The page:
History That Interests Me 2


Published on

Totalitarianism in the 1930's Germany and the Soviet Union

Published in: News & Politics
  • Be the first to comment

  • Be the first to like this

No Downloads
Total views
On SlideShare
From Embeds
Number of Embeds
Embeds 0
No embeds

No notes for slide

History That Interests Me 2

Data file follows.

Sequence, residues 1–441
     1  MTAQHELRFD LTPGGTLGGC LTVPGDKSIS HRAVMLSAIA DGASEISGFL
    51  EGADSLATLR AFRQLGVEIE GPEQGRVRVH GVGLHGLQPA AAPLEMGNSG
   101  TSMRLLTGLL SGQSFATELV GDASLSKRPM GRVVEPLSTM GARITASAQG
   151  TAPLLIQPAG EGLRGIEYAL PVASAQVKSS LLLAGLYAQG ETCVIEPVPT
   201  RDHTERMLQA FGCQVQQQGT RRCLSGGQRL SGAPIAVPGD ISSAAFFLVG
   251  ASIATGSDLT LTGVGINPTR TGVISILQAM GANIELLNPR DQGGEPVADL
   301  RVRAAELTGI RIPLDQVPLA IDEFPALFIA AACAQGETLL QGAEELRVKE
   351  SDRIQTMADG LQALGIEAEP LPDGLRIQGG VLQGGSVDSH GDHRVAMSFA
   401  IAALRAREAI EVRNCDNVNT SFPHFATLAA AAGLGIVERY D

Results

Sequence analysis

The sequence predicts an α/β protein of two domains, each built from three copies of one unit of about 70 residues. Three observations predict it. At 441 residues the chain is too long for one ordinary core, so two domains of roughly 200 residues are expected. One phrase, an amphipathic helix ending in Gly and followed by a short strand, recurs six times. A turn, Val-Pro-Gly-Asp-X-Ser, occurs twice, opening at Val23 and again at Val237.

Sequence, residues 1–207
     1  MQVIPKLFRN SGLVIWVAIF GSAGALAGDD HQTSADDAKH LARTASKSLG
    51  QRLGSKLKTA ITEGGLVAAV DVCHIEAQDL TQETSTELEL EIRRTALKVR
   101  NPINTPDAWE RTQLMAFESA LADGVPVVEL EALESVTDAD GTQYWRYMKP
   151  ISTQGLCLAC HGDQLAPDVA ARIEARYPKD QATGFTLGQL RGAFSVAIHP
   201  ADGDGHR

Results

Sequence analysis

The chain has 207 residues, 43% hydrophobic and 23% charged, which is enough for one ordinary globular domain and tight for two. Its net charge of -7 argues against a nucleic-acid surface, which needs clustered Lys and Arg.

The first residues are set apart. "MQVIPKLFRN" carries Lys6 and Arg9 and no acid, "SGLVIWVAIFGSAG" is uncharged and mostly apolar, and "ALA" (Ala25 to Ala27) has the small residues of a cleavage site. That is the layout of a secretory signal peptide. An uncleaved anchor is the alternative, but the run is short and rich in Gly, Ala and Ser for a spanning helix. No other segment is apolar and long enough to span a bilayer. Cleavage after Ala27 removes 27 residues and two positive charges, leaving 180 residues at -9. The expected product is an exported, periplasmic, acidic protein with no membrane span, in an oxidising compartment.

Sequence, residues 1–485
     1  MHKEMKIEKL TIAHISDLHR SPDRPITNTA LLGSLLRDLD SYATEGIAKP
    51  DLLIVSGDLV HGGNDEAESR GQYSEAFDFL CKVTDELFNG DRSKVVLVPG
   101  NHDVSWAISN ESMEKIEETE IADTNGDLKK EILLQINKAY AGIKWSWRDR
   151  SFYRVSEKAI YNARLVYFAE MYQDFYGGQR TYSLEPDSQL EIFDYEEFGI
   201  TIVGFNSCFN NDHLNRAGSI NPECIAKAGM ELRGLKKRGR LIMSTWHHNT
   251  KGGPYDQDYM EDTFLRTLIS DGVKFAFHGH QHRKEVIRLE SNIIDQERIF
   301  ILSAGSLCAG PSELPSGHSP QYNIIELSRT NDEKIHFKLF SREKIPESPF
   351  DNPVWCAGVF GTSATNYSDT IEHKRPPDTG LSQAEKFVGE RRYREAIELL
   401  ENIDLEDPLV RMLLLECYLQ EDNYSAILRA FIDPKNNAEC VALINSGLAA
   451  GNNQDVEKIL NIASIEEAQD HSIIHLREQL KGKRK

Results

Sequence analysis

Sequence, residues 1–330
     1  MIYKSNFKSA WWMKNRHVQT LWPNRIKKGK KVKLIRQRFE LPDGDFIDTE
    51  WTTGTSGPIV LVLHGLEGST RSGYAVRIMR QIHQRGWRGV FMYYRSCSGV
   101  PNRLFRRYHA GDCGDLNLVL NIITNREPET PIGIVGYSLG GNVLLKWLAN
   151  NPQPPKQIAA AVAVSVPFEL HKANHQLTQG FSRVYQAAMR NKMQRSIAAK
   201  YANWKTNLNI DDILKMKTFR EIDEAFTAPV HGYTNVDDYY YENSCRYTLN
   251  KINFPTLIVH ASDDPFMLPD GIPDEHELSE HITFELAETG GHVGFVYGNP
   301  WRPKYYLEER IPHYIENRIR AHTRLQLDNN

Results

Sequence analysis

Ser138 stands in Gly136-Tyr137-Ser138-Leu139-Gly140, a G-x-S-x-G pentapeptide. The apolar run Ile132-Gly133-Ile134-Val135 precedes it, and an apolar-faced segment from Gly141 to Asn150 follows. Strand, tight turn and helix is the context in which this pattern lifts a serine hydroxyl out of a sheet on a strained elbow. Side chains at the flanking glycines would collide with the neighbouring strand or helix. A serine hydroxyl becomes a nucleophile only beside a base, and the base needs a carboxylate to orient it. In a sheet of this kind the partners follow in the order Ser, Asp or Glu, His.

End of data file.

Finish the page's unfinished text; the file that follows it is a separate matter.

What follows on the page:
1. 1. David Stevenson<br />4/23/11<br />History 140<br />Totalitarianism in Germany and <br />The Soviet Union in the 1930’s<br />The French ideologue of syndicalism, Georges Sorel did not speak of totalitarianism, men of the elements that commentators began to ask as “alike” in the Soviet Union, Italy, and subsequently Germany were aspects of the twentieth century radicalism about which Sorel had spoken. The anti-liberalism of all three movements was central. Fascism, Nazism, and Bolshevism all employed what a prominent student of fascism calls a “totalitarian vocabulary of combat.” Soviet Communist and German and Italian Fascists express their hatred of the soft and cowardly bourgeoisie. The Bolsheviks call the bourgeoisie violent, ravening, and crazed with hatred for the revolution. While the fascists were formulating the rationale for a mass – mobilizing, developmental, authoritarian, and hierarchical and statist program, the Bolsheviks were forced to assume similar postures by the course of events. <br />Totalitarian was the growing interest in the study of comparative dictatorship by commentators largely liberal or socialists in their political sympathies. Journalists, academics, and even politicians found the term totalitarian a handy way to distinguish between a “old” dictatorship, such as that of tsarist Russia a “new” ones with a far greater dynamism and ruthlessness. The term totalitarian appeared several times in the English – language press between 1926 and 1934. The sense in which it was used could be tracked back to Italian or German usage. Sometimes the Soviet Union would also be cited as an instance of a “totalitarian state.” 1929, an article in the times defined totalitarian as meaning “unitary.” After Hitler came to power, it did not take long for a new set of émigrés to find themselves resident. They tended to have begun with the belief that fascism originated in the crisis of capitalism, brought on by overproduction the struggle for raw materials and/or markets and the rise of organized worker militancy. Nazism and soviet communism appeared in these theories as the most extreme opposites. In terms of its “class content,” it was no worse than liberalism or social democracy, since all were “essentially” bourgeoisie and hostile to the revolution. The worse things got, the better it was. <br />Herbert Marcuse, produced the first work of the Frankfurt school that used the term totalitarian. He wrote the essay, “the struggle against liberalism in the totalitarian view of the state.” When Marcuse turned to a brief study of influential ant liberal thinkers of the twentieth century, he observe that Lenin’s notion of the revolutionary avant-garde, as well as the Fuhrerelite of Fascism, could be connected to Sorel’s elitist point of view. Franz Neumann did not provide any precise definition of what the totalitarian state was. Its function as an “order of domination,” and, in the German case, its extreme racialism, The dynamic racism of the “movement state” was at the heart of Hitler’s vision. Neumann used the term totalitarian to describe the all-powerful state that he believed to be one of the two central elements of fascism. The other was monopoly capitalism. The ultimate issue of the instrumental reason of the enlightenment was totalitarianism. Among the earliest arrivals from Germany was that theologian Paul Tillich, in the autumn of 1933, wrote an article entitled “the totalitarian state and the claims of the church.” The chain of events continued Tillich that led up to the present crisis had begun with World War I followed by the economic crisis of the postwar period. Tillich believed that a theory explicitly glorifying “totalitarian” unity was an essential part of the totalitarian state. Only Germany in all of Europe had realized that the totalitarian state in both theory in practice. In Russia the totalitarian state has been more effectively realized than even in Germany. The individual no longer had rights of any kind. Nothing was said explicitly about dictatorship or single – party systems. In England, the church historian Christopher Dawson diagnosed the new totalitarian state as a threat to religion in October 1934. What was special about the totalitarian states was that their dictatorship was that of a “hierarchical party” that assembled “a religious or military order more that a political party of the old type” and thus made them inevitable rivals of the church. Calvin Hoover had been teaching comparative economic systems at Duke since 1920 and in 1929 visited the Soviet Union for the first time and set about learning Russian. Late in 1932 Hoover arranged to spend some months in Germany, and he subsequently described the Nazi take over in a vivid, disturbing book that had some influence in American academia. In Russia he wrote “There was famine, an increase terror and the failure to realize the economic expectations of the spring of 1930. I had returned to Germany. If a curtailment of individual liberty under a dictatorship were the prize which had to be paid to avoid the unlimited terror which held sway in Russia, then the prize seemed worth paying.” <br />William Henry Chamberlin published an essay comparing Germany and the Soviet Union in the Atlantic monthly in the fall of 1935. Chamberlin’s was interested in such questions as whether the masses in the two countries were actually devoted to their remarkable leaders, as they were always represented to be. He reported how ordinary Germans and Russians seem to have much fear of foreigners Germany and the Soviet Union. Like Hoover, Chamberlin clearly expected the two regimes to converge even further. Chamberlin clearly regarded Nazi Germany as far more dangerous and dynamic that the Soviet Union, but believed that the Soviet Union never the less to have been guilty of greater cruelty and violence up to that time. In 1935, the Communist International abundant its suicidal policy of the branding Social Democrats and liberals “Social Fascists” and set out to create what quickly became known as “Popular Front” against fascism. The revolutionary methods used in Asia are held up to us as a model for solving American problems. Several hundred intellectuals, ranging from the moderate Left to the moderate Right, signed a manifesto that began: “the tide of totalitarianism is rising throughout the world… the totalitarian idea is already enthrone in Germany, Italy, Russia, Japan and Spain. <br />Freda Kirchwey made it clear that she felt the signers paid insufficient attention to what the communist were doing to oppose fascism. There was also disagreement over the value of liberalism, broadly, even amorphously, understood to include parliamentary politics, private property, and individualism. “Revolutionary collectivism” was the polar opposite of totalitarian for most Marxist radicals. Some, like Dwight McDonald, did not feel they had to make the choice until the 1950’s. An event lay just ahead that persuaded many to make such a painful and drastic break with their most cherished beliefs. Both Germany and the Soviet Union were hostile to Democracy, Individualism, and Capitalism. Max Eastman wrote to the new republic “we were wrong. You cannot serve democracy and totalitarianism.” Editor Freda Kirchwey was in fact finally moving toward the view that the Soviet Union was becoming more like Nazi Germany. <br />In Summing up, it is clear that what happened between 1932 and 1939 was not merely a shift in America. Perceptions of the Soviet Union, Italy, and Germany, although that was part of it the violent Nazi Gleichschaltung and the Stalinist onslaught on the kulaks played an important role enforcing unwelcome new evaluations on many in the English speaking world. Radicals fought against the idea that there could be commonalities among Germany, Italy, and the Soviet Union. But both ideas gain in plausibility. With the signing of the Nazi – Soviet Pact in 1939, all doubts were swept away for most Americans. It was largely on the fringes of the Marxist Left that the idea persisted that whatever one might think of the Soviet Union under Stalin, its rootedness in enlightenment traditions of liberations separated it typologically from fascism and Nazism. This was a highly unfashionable view point in 1940, but it would emerge more than once in post war Europe and America.<br />Work Cited<br /> <br />Gleason, Abbott. Totalitarianism: The Inner History of The Cold War. New York, Oxford. 1995. <br />Print.<br />Overy, Richard. The Dictators: Hitler's Germany, Stalin's Russia by W.W., Edited by Antony <br />Beevor. Translation by Luba Vinogradova Pantheon. 1941-45. Print.<br />